Whether women knitted codes into fabric or used stereotypes of knitting women as a cover, there’s a history between knitting and espionage. When knitters used knitting to encode messages, the message was a form of steganography, a way to hide a message physically (which includes, for example, hiding morse code somewhere on a postcard, or digitally disguising one image within another).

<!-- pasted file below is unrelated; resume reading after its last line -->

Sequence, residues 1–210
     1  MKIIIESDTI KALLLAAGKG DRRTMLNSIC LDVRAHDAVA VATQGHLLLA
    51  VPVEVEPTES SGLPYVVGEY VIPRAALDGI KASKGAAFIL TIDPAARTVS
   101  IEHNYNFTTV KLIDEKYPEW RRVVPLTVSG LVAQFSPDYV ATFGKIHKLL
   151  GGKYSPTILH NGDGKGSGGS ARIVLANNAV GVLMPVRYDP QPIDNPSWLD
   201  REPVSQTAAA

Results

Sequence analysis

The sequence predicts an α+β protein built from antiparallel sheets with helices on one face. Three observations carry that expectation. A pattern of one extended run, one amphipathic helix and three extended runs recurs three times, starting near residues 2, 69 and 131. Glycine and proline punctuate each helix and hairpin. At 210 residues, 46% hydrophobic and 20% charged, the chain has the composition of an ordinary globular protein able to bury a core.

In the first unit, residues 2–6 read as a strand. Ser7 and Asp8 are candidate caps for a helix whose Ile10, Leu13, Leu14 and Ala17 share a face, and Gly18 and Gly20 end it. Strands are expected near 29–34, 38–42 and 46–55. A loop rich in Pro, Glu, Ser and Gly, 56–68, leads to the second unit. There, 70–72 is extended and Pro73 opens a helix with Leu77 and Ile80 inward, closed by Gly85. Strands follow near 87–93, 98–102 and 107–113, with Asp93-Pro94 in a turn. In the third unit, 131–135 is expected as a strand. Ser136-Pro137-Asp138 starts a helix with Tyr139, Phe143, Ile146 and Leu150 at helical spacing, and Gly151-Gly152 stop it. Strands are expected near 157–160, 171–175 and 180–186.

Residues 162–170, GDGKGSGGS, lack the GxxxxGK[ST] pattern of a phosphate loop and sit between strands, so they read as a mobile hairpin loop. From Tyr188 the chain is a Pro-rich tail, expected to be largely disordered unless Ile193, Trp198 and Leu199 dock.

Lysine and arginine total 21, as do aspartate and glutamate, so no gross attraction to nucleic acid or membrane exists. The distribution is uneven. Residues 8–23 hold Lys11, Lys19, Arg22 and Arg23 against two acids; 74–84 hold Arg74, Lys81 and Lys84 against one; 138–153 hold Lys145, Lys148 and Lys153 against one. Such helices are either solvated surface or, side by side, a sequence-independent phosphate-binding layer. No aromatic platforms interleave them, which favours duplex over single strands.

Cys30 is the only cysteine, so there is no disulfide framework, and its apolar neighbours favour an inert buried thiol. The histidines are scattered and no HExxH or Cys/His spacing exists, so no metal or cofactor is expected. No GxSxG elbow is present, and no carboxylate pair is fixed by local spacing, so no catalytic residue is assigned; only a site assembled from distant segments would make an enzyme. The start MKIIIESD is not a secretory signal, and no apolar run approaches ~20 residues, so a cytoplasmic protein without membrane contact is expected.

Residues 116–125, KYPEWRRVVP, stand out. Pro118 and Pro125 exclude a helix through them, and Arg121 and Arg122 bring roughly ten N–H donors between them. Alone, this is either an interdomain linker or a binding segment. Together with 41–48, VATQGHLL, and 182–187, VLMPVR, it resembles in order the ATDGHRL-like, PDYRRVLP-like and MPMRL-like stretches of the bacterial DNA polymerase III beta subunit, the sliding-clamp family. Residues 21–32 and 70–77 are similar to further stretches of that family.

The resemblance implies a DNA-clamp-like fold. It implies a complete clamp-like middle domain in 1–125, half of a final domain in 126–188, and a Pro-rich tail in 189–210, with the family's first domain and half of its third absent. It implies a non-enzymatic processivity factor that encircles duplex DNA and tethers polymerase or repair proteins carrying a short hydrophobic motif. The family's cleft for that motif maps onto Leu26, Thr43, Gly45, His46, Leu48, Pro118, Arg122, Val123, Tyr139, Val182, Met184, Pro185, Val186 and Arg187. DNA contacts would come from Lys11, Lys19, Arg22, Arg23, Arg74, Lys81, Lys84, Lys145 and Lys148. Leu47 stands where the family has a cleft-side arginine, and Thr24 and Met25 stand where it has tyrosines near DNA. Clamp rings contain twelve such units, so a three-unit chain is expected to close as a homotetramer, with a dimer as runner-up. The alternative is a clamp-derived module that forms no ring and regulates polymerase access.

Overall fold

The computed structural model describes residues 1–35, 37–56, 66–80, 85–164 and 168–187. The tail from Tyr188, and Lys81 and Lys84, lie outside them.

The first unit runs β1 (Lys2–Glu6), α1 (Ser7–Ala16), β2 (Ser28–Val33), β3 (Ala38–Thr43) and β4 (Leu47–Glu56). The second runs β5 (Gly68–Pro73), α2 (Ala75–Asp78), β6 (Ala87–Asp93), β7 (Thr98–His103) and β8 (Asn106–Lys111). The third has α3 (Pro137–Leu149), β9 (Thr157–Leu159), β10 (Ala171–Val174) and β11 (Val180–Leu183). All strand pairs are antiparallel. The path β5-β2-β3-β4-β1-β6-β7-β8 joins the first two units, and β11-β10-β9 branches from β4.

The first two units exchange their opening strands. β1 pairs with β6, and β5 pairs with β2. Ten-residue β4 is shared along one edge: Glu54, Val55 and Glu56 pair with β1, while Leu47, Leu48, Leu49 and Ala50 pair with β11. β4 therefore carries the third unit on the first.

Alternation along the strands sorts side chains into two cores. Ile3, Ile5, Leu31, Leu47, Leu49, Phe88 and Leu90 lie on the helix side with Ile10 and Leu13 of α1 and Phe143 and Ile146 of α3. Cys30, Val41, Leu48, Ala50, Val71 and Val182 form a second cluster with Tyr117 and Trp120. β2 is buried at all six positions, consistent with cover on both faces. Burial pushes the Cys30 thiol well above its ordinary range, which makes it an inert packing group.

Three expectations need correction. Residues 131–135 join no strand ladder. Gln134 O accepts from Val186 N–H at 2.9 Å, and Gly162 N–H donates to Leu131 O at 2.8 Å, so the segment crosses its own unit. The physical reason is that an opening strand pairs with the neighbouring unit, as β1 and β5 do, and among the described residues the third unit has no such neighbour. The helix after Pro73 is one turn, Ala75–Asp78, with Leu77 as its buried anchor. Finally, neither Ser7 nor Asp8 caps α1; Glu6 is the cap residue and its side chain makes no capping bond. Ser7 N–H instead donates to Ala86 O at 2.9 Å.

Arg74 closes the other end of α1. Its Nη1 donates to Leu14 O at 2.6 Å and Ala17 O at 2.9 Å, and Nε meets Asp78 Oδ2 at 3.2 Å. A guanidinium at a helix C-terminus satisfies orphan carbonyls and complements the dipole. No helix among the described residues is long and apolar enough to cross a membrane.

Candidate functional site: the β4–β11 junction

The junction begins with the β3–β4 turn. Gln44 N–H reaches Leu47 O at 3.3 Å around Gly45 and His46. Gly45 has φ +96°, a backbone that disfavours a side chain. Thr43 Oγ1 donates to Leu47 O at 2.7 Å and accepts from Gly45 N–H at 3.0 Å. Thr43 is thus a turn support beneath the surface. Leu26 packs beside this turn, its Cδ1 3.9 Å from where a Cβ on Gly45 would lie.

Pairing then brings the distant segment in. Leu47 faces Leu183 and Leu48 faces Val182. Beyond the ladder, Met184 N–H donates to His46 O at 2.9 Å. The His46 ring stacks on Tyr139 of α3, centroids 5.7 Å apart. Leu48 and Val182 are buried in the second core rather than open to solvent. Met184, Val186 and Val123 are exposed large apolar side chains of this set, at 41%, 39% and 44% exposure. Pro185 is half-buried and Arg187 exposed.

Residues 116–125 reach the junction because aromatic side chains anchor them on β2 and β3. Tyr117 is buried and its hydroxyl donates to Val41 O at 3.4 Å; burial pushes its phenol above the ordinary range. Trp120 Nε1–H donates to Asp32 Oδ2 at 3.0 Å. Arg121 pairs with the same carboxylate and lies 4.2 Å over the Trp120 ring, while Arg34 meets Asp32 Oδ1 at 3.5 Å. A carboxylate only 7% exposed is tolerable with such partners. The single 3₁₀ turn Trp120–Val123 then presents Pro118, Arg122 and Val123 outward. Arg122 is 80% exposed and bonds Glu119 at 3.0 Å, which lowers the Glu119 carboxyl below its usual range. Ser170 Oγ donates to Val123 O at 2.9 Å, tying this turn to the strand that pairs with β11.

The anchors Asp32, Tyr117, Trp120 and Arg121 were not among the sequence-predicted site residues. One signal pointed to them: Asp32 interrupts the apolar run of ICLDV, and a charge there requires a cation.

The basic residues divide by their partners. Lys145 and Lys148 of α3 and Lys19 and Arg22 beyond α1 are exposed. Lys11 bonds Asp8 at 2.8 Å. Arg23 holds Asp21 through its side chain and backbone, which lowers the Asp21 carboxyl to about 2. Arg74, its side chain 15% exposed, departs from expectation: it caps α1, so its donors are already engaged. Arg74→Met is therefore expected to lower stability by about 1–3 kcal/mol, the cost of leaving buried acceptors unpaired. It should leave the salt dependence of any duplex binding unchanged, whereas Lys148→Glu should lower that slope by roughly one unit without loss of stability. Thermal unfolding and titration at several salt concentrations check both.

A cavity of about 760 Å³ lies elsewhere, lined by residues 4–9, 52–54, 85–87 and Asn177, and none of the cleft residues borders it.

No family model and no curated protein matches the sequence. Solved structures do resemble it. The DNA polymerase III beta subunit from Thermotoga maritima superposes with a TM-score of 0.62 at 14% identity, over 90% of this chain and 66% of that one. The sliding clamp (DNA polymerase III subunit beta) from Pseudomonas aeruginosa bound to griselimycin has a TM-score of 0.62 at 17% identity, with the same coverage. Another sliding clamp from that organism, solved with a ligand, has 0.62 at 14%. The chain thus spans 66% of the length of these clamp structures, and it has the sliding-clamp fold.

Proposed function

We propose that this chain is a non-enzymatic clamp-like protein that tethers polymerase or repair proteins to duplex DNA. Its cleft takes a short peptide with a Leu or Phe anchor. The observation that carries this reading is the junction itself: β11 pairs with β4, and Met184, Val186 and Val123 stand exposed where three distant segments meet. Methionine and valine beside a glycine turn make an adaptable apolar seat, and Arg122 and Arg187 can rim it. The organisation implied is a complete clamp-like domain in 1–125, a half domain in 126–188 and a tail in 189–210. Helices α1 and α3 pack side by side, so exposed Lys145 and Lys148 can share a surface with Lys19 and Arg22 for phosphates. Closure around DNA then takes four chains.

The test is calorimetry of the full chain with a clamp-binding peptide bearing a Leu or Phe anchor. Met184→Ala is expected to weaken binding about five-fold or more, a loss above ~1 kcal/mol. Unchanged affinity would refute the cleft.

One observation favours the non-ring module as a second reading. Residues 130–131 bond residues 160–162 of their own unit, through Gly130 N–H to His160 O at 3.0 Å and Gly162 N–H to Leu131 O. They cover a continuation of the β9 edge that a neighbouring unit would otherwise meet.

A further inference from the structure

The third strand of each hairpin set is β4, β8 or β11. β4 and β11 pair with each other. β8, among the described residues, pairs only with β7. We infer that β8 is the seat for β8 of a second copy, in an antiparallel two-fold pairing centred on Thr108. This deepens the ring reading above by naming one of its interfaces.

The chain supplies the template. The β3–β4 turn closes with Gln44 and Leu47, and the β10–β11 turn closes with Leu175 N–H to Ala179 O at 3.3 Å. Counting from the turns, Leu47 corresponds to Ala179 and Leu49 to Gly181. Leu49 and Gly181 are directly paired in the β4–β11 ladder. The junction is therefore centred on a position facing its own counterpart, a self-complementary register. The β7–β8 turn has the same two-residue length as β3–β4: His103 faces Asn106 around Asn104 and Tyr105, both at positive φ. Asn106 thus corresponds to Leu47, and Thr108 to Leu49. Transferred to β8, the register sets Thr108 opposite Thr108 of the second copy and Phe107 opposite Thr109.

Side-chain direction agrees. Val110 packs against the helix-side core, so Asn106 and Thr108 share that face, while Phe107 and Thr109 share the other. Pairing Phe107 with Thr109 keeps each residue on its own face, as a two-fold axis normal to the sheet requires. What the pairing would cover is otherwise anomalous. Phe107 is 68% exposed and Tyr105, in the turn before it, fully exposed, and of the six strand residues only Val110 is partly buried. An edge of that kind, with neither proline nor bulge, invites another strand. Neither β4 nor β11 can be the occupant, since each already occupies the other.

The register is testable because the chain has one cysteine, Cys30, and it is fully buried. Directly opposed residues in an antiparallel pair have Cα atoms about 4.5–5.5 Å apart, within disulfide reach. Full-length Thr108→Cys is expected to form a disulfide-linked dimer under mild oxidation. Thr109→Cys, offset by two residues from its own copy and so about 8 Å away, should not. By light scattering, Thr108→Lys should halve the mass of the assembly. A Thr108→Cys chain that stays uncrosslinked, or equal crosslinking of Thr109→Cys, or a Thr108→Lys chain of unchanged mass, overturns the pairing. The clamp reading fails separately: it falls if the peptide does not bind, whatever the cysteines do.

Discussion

As women gained independence and started walking and traveling alone during the late 1800s and early 1900s, hatpins provided a quick line of defense from the unwanted touches and words of passing men. These lecherous men were known as “mashers,” and considered to be “low-down, cowardly cumberers of the earth,” as a 1904 blurb in the Los Angeles Herald put it. “Any woman with courage and a hatpin can prove it,” the paper added.